NYC Mayor David Dinkins  in Harlem at the John Henrik Clarke House, with Toussaint Scholars enrolled in Historically Black Independent Schools in New York City.  

City Schools Book Cover.png

In 2000 the Toussaint Institute was asked to contribute it's research on Historically Black Independent Schools to a Johns Hopkins publication on New York City schools.  Chapter 12 of this book details the history of schools established to serve black children going back to 1704.  The chapter, authored by Gail Foster, and inclusive of black educators'  perspectives on the Oceanhill-Brownsville civil rights struggle provided by Jitu Weussi and others, would not have been published in it's entirety without the encouragement and support of one of Dr. Foster's mentors, author and civil rights law professor,  Derrick Bell.  Data collected on Historically Black Boarding Schools was not included in this publication, but is part of the archives of the Toussaint Institute Fund.  This valuable data on heritage schools that no longer exist, awaits interest and funding to be published and shared. 

The Directory of HBIS listed over 70 independent schools elementary and secondary schools in NYC, and 6 boarding schools nationwide.  The data base was researched and compiled by Gail Foster.  Three of the schools are highlighted in her chapter on the book City Schools.  Her data on black boarding schools has yet to be published.  The first edition was published in 1989 and the final edition, which inlcuded Charter Schools,  in 2000. 

NYC's Wealth of HIstorically Black Independent Schools, Gail Foster

Congressional Testimony, Educational Options for Black Children in CAPE



The Toussaint Institute was founded in 1988 by Dr. Gail Foster.  It legally incorporated as the Toussaint Institute Fund as a stage in achieving a long-range objective of establishing an independent school.  


During it's active years Toussaint served as a scholarship fund, a resource center for parents in search of good public and private schools, a participant in the school choice movement, and an organizer, advocate, and documenter of historically black independent schools.  By the time it ceased mission centered operations  in 2003, it had through it's documentation, organizing work, advocacy, and marketing efforts, successfully raised the visibility of  the historically black independent schools of New York City and nation-wide.  


It's founder, Dr. Gail Foster, was supported in doing this work by dozens of schools, educators, and philanthropists around the country.  During its 13 years of continuous operation the Toussaint Institute Fund produced and published  numerous scholarly and community education articles and booklets, and held conferences and symposiums for educators and churches, and a major annual Education Expo for parents.


The data it collected on the academic performance of Historically Black Independent Schools in New York was published in City Schools, edited by former Assistant Secretary of Education Diane Ravitch.  A study of these schools was also published in the Journal of Negro Education.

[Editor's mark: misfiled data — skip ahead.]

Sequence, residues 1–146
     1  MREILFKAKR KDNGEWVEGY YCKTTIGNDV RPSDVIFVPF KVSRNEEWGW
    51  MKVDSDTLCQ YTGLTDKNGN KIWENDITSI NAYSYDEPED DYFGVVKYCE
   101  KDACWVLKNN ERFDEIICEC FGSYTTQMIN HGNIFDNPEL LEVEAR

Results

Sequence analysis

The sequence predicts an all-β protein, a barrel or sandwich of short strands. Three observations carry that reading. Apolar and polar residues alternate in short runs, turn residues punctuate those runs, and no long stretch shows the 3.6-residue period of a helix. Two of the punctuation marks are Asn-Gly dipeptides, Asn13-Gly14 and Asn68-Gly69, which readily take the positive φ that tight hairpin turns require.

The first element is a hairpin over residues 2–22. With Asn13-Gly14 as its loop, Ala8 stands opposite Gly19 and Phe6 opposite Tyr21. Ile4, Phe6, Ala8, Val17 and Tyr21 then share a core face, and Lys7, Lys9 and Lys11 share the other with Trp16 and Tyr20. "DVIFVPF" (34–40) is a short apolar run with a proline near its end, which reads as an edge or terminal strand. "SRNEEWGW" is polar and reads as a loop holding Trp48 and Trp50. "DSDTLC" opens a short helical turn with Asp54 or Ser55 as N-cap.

In the early 1990's Dr. Foster toured the deep south with her mother Evelyn Watts Foster and the two of them collected data on historically black boarding schools, some of which date back to the days of Booker T. Washington, and many of which have since closed.  That data will eventually be made available through this website.  Interested parties should contact Dr. Foster. 

Published papers produced by the Toussaint Institute.

Mission: To help parents find and access good schools for their children in the public and private sector and to support efforts to create them.

Scholarship Fund: The Toussaint Institute Fund's premier initiative was its Early Intervention Scholarship Program. This program identified elementary school age boys of African descent who were experiencing ongoing failure in the public schools.  Through fundraising, it was able to award these boys scholarships to attend Historically Black Independent Schools.  The children were placed in these schools, did well, and their progress was monitored over the years.


Directory of Historically Black Independent Schools: The phrase Historically Black Independent Schools was coined by Dr. Gail Foster to describe the wealth of schools founded by African American educators and clergy.  In 1989 the Toussaint Institute  published the Greater New York's first Directory of these schools, which sold thousands of copies over three editions and over ten years.  It included day schools in New York and boarding schools on the east coast.  This directory created visibility for the schools both within and without the African American communities of New York.  Dr. Foster also assisted the Institute for Independent Education in creating a national directory of such schools, touring cities around the country in search of such schools and connecting them with the IIE.

Education Expo:  The Toussaint Institute Fund took the lead in making information on quality public and private school options for boys and girls available to African American parents, particularly those in low and low- middle income brackets, traditionally left out of the information loop.  The annual Education Expo was attended by thousands of parens city wide and was the only place where these parents could access information on the best public and private and Catholic schools in one place.  Usually held at the Norman Thomas high school, and referred to by the deputy commissioner of the NYS Education department referred to it as the largest parent gathering in the state.  It was the fore-runner to the public high school expos now held by the NYC Department of Education.  

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